At RAND's Politics Aside event, Robert Hormats, undersecretary of state for economic growth, energy and environment, goes toe to toe with Nobel laureate Edmund Phelps on whether the government should spend on infrastructure to bolster the economy or cut spending.

    Dec 26, 2012

  • Uncle Sam cutting expenses

    Commentary

    Wanted: Balance in Defense Cuts

    Budget reductions must be applied in ways that pose the least risk to national security. We need to shrink force structure carefully, reduce or delay procurement of some weapons systems, streamline management and cut personnel costs, writes Harold Brown.

    Dec 21, 2012

  • Sir Harold Evans and Undersecretary of State Robert Hormats at RAND's Politics Aside event

    Blog

    Can Austerity Fix the Economy?

    At RAND's Politics Aside event, Reuters Editor-at-Large Sir Harold Evans moderates a discussion on whether the government should slash or boost spending to try to bolster the economy that includes Nobel laureate Edmund Phelps and Undersecretary of State Robert Hormats.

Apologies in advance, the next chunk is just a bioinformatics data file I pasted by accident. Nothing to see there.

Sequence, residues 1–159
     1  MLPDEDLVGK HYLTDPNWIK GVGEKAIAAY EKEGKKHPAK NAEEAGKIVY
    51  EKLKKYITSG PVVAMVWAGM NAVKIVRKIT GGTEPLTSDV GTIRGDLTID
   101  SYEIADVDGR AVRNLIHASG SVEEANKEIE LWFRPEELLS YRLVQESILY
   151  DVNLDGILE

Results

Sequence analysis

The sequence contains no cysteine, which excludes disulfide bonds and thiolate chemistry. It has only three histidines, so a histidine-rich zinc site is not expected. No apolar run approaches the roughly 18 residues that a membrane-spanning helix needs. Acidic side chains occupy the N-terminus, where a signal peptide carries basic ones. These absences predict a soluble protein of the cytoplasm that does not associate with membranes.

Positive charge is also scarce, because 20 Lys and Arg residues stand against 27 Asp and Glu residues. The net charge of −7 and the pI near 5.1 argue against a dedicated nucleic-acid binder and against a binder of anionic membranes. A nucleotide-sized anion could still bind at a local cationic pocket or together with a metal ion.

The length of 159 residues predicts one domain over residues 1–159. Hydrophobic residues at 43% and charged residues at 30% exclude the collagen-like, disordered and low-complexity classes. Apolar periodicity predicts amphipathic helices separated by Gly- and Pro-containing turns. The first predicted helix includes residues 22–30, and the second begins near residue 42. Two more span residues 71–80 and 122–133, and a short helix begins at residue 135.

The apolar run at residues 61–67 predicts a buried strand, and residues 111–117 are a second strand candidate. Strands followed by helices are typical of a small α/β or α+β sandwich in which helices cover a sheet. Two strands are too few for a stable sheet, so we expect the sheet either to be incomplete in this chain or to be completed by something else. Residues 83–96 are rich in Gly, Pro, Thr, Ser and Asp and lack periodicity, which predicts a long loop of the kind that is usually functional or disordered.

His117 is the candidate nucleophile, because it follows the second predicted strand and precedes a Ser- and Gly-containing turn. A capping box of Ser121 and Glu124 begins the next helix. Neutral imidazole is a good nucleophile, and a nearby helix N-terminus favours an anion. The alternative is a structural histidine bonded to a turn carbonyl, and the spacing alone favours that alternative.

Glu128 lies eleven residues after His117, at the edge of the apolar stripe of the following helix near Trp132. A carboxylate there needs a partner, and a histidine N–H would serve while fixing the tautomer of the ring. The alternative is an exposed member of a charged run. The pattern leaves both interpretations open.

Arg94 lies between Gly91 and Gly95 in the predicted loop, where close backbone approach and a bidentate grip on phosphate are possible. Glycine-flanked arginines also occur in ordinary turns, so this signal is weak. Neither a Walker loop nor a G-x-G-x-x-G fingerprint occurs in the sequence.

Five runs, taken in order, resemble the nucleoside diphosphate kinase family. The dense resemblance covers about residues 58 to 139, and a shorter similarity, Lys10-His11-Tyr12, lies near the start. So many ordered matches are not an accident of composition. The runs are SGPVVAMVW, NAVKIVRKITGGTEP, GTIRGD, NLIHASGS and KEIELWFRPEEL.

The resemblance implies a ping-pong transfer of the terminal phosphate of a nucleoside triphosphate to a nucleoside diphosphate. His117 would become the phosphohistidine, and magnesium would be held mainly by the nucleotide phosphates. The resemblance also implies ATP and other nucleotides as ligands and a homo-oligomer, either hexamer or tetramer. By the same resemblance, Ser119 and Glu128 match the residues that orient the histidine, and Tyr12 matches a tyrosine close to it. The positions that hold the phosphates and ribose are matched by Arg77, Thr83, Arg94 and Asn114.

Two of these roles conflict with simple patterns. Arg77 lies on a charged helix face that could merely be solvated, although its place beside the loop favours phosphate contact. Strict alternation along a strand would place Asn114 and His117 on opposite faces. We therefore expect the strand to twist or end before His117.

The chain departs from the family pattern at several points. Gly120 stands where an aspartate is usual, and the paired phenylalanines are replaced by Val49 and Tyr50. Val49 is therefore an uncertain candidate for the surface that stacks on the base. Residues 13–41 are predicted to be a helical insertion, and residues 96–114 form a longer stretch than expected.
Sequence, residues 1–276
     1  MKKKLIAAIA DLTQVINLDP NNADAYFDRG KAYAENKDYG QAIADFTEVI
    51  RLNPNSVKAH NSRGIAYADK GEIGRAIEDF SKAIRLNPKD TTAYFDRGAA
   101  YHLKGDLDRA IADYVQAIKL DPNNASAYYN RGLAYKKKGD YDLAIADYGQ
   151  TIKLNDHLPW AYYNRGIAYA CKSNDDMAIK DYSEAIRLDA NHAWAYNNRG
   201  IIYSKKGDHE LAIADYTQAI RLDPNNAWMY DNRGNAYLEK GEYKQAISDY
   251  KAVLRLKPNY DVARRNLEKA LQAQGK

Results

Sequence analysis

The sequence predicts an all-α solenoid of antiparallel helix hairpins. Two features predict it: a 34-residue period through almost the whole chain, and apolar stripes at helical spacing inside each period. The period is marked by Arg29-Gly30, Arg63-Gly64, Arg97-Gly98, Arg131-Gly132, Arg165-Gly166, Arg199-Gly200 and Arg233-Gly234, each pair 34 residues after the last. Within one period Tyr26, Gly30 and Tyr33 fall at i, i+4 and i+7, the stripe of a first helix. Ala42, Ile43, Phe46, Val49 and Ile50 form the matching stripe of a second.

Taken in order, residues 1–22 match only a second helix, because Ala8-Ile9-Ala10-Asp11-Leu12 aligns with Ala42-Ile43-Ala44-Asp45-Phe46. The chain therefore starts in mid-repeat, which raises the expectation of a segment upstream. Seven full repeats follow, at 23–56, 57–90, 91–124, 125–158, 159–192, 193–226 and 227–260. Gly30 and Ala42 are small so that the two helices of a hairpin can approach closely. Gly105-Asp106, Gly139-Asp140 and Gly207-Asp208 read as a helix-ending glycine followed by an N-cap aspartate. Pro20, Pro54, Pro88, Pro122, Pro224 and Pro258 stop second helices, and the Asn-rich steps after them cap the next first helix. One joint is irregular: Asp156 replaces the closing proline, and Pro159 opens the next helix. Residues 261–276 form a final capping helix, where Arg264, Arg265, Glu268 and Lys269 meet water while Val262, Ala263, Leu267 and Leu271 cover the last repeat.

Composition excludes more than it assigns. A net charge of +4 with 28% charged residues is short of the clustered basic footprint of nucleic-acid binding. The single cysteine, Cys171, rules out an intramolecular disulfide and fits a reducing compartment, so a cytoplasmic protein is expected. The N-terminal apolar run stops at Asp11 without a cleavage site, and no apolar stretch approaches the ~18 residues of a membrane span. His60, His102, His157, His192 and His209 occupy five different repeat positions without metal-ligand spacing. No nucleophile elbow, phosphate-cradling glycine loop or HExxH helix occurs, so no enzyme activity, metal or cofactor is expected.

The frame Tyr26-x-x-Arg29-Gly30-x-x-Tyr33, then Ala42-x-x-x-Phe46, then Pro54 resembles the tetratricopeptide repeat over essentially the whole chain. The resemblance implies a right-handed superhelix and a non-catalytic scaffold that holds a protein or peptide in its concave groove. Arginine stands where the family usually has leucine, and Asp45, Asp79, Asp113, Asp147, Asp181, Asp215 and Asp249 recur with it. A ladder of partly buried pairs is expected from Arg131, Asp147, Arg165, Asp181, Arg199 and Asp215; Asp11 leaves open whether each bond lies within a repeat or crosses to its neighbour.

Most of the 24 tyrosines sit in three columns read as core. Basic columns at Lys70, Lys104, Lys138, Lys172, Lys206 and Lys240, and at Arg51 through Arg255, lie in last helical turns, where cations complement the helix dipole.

Dec 11, 2012

  • RAND president and CEO Michael Rich and Ret. Gen. Peter Chiarelli at RAND's Politics Aside event

    Blog

    Retired General Fears Unbalanced Military Budget Cuts

    During a discussion with RAND president and CEO Michael Rich at RAND's Politics Aside event, Ret. Gen. Peter Chiarelli says budget cuts could strike the military unevenly, hurting vital programs.

    Dec 7, 2012

  • South Carolina Guard Soldiers keep sharp during Kuwait deployment

    Commentary

    Bad Stats Skew Defense Needs

    The urgency with which the fiscal cliff question must be addressed should not excuse faulty calculations when it comes to the U.S. military's operational and personnel needs, write Tim Bonds and Lauren Skrabala.

    Dec 7, 2012

  • Research Brief

    How Can Economic and Political Ties Between the United States and Mexico Be Strengthened?

    This study identifies areas that are negatively affecting U.S.-Mexico relations and suggests that the two countries might take a binational approach to improving their long-term partnership.

    Nov 27, 2012